For the first three quarters of their concert at the St. Pete Times Forum, The Police seemed locked in an extended countdown, preparing for liftoff but not quite getting there. After an initial blush of excitement spurred by the first two songs — "Message in a Bottle" and "Synchronicity II" — the trio settled into an expert, workmanlike performance that lacked inspiration and the kind of sublime chemistry that makes a rock show raise the hairs on your neck.
This is, after all, a reunion tour among men in their 50s and 60s. Perhaps it's too much to ask that the threesome play a two-hour set with the kind of burning, youthful verve that sends jolts of electricity through a large venue.
But it would've been nice.
Sting, looking improbably fit in a tight T-shirt, snug jeans and ankle boots — all in black — is not the sort to commune with his audience. Rather, he hovered godlike over the proceedings with a cool élan, a sort of benign arrogance. Aside from a couple of half-hearted jumps to end tunes that seemed quite obligatory, he didn't put out much in the way of showmanship. His voice, however, was a marvel, easily as strong as during the first Police patrol in the '70s and '80s, but even richer and more assured.
If you came to hear hits, you were well rewarded. The Police covered virtually every touchstone in their impressive repertoire ("Every Little Thing She Does Is Magic," "Don't Stand So Close to Me," "Wrapped Around Your Finger," "King of Pain," "Every Breath You Take," to cite a few), although they did leave out the one song I would've chosen to hear above all the rest: "Spirits in the Material World."
The band reworked a handful of tunes ("When the World is Running Down") but performed most of them true to the originals. They embarked on a few jam segments — and let's just say it's not their long suit. Guitarist Andy Summers has always been a splendid rhythm player with an ear for punchy accents and a great knack for sonic flourishes, but as a conventional soloist he comes up lacking. Sting's handful of bass improvs were little more than effete noodling. Drummer Stewart Copeland, who spared us the extended drum solo, provided the expected propulsion and added some engaging textural workouts on a big percussion rig that at select times rose up to the stage behind his drum kit.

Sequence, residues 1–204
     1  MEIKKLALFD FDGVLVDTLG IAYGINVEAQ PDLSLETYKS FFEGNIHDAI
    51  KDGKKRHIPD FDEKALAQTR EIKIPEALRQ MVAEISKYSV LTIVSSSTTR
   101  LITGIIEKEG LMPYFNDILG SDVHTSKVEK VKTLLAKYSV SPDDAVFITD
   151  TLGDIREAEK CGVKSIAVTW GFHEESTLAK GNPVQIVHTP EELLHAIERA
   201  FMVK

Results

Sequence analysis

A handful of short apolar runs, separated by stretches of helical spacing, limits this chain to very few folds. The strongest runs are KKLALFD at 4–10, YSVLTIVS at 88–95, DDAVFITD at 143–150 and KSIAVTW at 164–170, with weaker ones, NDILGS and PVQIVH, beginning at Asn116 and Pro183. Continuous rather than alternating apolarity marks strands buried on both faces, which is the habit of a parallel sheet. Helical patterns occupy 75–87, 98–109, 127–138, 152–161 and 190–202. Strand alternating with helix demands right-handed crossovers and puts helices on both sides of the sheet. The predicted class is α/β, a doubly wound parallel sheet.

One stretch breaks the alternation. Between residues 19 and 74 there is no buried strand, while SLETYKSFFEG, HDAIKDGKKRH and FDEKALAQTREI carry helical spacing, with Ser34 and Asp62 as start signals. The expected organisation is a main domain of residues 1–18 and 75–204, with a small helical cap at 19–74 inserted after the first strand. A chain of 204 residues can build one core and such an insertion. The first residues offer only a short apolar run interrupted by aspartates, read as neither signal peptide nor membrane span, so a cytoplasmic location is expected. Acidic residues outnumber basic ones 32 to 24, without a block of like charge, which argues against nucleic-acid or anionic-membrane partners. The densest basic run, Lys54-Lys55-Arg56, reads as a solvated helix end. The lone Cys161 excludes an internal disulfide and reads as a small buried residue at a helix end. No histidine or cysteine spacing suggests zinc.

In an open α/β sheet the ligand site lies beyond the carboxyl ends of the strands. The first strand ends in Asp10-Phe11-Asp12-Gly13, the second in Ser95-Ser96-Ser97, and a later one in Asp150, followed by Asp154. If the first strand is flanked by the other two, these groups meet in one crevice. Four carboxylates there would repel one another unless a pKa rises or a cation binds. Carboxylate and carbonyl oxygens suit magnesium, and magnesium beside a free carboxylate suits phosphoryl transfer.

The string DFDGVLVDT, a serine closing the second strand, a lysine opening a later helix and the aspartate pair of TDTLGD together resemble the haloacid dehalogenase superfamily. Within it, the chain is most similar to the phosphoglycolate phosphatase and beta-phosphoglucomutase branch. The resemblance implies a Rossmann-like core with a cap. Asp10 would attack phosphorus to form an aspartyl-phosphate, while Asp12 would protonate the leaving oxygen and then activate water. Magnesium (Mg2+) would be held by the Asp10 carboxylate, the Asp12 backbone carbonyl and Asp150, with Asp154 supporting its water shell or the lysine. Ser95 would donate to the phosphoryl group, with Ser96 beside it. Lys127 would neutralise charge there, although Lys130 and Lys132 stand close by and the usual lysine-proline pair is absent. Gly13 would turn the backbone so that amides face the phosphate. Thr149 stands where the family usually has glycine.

It was during one of these forays that the concert finally attained liftoff. Improbably, it was during "Walking In Your Footsteps" — not exactly a roof-raising tune — that the trio appeared to flip the switch and really start to have fun. When Copeland hopped from his percussion rack down to his drums and sharply cracked his snare, the show reached a new pitch.
The intensity rose during an extended version of "Can't Stand Losing You," a visceral tune from the Police's 1978 debut Outlandos d'Amour. Here the group stretched out instrumentally but with a much better connection — up to that point, they'd adhered closely to tightly scripted arrangements.
This spasm of exuberance waned when The Police delved into a drawn-out "Roxanne," further proving that the song should be put in mothballs. If you were able to read Sting's mind, odds on he was musing, "Why, why must I continue to sing this relic?"
Sting could've used a few leaping lessons from his son, Joe Sumner, who fronted the opening band Fiction Plane. Twice he got big air by launching from the top of his amplifier and landing perfectly on the downbeat. The trio turned in a solid set that showcased some promising songs but ultimately emerged as a bit too Police-like. Plus there was this nagging feeling that Sumner and his mates should be out paying dues in small venues — just like Dad and his mates did three decades ago.